[1] Lewis, C.S. The Dark Tower and Other Stories. Ed. Walter Hooper. New York: Harcourt Brace Jovanovich, 1977, p. 84.

[2] Schwartz, Sanford. C.S. Lewis on the Final Frontier: Science and the Supernatural in the Space Trilogy. Oxford: Oxford University Press, 2009.

[3] An alternate possibility is OE éc “also”, with a meaning of “also-time”, but this strikes me as a bit less plausible.

[4] Lewis, pp. 84, 87.

Monday, December 21, 2009

A short review of “Three Rings”

Last May, I learned that one of my essays was being reviewed in the new issue of Hither Shore, then still forthcoming. That issue (Volume 5) is now in print, and most of it is available on Google Books. Having duly perused it, I also found a review in English of Tolkien Studies, Volume 5 (2008) by Thomas Honegger (running on pages 259–62), in which my essay, “Three Rings for—Whom Exactly? And Why? Justifying the Disposition of the Three Elven Rings” received the following favorable comments:
Lastly, Jason Fisher provides a straighforward study of the origin of the three elven rings. He points out that the final names and attributions to their wearers were given relatively late (first galley proofs). He establishes likely reasons for Tolkien allocating the ring of fire to Gandalf, the ring of air to Elrond, and the ring of water to Galadriel and shows how he strengthens the bond between wearer and ring by means of textual allusions. Finally, Fisher unearths a nice piece of ‘Tolkienian depth’ by paralleling the fate of the three silmarils — which find their final resting-places in the sky, the ocean, and the fires of the earth, respectively — with the three elven rings, so that it may indeed by not surprising that Elrond, the descendant of Eärendil who ‘carries’ one of the silmarils across the sky each night, is given the ring of air. (p. 261, ego-stroking emphasis added :)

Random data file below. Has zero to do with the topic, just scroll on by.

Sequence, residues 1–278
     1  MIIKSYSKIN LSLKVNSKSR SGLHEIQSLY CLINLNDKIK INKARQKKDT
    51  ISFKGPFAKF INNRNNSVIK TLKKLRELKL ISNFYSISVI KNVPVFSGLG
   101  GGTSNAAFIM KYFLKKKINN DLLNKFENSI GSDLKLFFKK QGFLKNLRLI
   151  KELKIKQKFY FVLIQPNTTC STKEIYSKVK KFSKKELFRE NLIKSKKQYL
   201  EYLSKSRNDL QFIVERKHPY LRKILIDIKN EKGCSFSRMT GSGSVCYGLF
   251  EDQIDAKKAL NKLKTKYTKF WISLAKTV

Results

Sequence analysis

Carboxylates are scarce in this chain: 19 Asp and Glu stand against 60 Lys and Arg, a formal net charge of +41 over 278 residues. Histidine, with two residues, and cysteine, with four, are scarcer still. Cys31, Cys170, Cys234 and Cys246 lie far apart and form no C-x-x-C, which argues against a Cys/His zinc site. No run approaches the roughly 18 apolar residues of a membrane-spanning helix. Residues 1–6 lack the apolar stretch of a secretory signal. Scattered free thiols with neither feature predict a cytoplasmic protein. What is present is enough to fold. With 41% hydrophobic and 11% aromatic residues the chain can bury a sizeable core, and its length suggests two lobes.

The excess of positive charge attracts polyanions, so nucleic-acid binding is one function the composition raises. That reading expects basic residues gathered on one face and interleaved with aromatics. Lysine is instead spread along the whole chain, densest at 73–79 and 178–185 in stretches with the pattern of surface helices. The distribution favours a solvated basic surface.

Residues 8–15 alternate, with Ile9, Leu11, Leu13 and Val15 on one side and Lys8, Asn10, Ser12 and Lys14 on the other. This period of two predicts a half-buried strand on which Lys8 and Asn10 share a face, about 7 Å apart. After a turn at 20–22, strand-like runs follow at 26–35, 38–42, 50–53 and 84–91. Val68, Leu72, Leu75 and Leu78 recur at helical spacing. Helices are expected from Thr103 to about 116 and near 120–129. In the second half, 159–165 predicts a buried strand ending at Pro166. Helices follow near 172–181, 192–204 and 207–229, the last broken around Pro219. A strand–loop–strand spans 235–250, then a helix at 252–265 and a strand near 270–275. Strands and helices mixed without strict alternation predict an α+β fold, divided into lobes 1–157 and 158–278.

It’s so nice to be read! My thanks to Thomas for the review.

Monday, December 14, 2009

Mythcon 41 Call for Papers

Regular readers will remember that I’ve written about Mythcon — the Mythopoeic Society’s annual conference and fantasy convention — from time to time. For example, here is my detailed conference report for Mythcon 39. I was unable to attend Mythcon 40 this past July in Los Angeles, but I did have a paper read there. My good friend Randy Hoyt (also the webmaster for the Mythopoeic Society) filled in for me.

It was at Mythcon 39, though, that Randy and I first began talking about bringing Mythcon to North Texas. In its forty year history, it has never been to Texas at all, let alone to the Dallas/Fort Worth area (the fourth-largest metropolitan area in the U.S.). The closest Mythcon has come to Texas is Norman, Oklahoma (Mythcon 37), a bit more than 200 miles; Nashville, Tennessee (Mythcon 34), more than 600 miles; Boulder, Colorado (Mythcon 27), right at 900 miles. Every other Mythcon over the past forty years has been 1,000 miles or more away! So in our view, a Texas Mythcon was long overdue.